The authoritative source on
  early churches of New Jersey

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Ahavas Achim Synagogue
Norma, Salem County

Although the initial Jewish settlers arrived in the early part of the eighteenth century, it was not until the 1840s that sizable numbers of German Jews arrived in New Jersey, largely in Newark and Passaic. In the 1850s, additional immigrants, largely Orthodox Jews from Poland arrived and in the 1880s, following persecution in Russia and eastern Europe, thousands immigrated to New York and New Jersey. Since many of the earliest immigrants had been largely assimilated into the social and cultural life of the Jersey cities, they were uncomfortable with the mass of Orthodox, Yiddish-speaking Jews flooding in from eastern Europe, whose dress and customs, they felt, might jeopardize their social standing. One result was that money was raised by organizations such as the Hebrew Immigrant Aid Society of New York, to sponsor agricultural colonies in south Jersey, Texas and North Dakota. The first such colony was established in Alliance in 1882, joined shortly thereafter by similar colonies in Woodbine, Carmel, Rosenhayn, Norma, Brotmanville, Six Points, and Mizpah. The congregation in Norma may have been one of the last ones organized in the nineteenth century.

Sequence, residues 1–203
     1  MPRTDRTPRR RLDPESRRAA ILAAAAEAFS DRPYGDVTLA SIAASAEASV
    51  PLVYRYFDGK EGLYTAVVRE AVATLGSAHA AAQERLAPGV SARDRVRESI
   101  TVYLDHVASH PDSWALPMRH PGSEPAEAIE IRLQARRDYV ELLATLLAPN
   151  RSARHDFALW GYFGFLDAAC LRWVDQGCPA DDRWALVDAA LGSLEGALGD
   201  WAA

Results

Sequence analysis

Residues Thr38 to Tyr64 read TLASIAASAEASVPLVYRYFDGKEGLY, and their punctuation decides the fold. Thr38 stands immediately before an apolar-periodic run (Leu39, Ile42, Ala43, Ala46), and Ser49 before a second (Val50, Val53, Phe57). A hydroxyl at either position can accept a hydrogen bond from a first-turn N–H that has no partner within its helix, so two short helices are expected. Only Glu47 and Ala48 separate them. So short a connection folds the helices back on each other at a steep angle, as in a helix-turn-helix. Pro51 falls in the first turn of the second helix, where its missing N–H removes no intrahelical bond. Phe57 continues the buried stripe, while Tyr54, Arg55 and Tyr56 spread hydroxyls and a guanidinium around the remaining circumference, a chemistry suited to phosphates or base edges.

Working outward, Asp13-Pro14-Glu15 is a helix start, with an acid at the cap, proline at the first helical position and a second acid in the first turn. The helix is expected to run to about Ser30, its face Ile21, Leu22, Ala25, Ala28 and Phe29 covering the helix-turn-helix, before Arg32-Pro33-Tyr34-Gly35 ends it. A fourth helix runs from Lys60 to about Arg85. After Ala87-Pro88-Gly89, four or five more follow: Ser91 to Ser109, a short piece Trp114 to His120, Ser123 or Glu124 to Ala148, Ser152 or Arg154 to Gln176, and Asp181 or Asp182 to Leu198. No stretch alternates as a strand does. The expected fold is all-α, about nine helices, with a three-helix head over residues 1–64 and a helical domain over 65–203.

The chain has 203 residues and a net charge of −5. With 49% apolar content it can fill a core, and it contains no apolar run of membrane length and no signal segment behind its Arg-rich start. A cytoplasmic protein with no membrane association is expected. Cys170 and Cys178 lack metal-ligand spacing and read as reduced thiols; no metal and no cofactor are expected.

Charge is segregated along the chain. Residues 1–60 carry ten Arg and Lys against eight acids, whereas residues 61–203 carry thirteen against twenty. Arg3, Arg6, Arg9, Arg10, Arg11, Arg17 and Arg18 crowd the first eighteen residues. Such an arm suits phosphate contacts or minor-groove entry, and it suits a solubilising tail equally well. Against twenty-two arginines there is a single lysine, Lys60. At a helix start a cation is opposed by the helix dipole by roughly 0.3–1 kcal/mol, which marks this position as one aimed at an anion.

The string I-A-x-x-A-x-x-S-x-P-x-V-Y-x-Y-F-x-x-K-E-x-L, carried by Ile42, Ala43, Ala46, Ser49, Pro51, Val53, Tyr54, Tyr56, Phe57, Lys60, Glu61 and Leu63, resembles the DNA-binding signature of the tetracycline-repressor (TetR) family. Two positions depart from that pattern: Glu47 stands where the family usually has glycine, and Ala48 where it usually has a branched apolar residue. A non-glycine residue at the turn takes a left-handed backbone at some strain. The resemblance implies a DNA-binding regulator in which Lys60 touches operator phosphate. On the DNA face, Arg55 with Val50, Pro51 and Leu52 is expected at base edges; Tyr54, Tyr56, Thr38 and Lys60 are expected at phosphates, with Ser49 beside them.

The synagogue was built in 1888 (or perhaps as late as 1900—the record is unclear) in what is now a small residential neighborhood. There is nothing about the building to suggest it is a house of worship except for the unusual footprint of the building and the small, stylized star of David high in the gable.
     There are only seven synagogues in the state remaining from the nineteenth century and four of them are in south Jersey.

See Ellen Eisenberg, Jewish Agricultural Colonies in New Jersey, 1882-1920. Syracuse, New York: Syracuse University Press, 1995.




Copyright (c) 2001 Frank L. Greenagel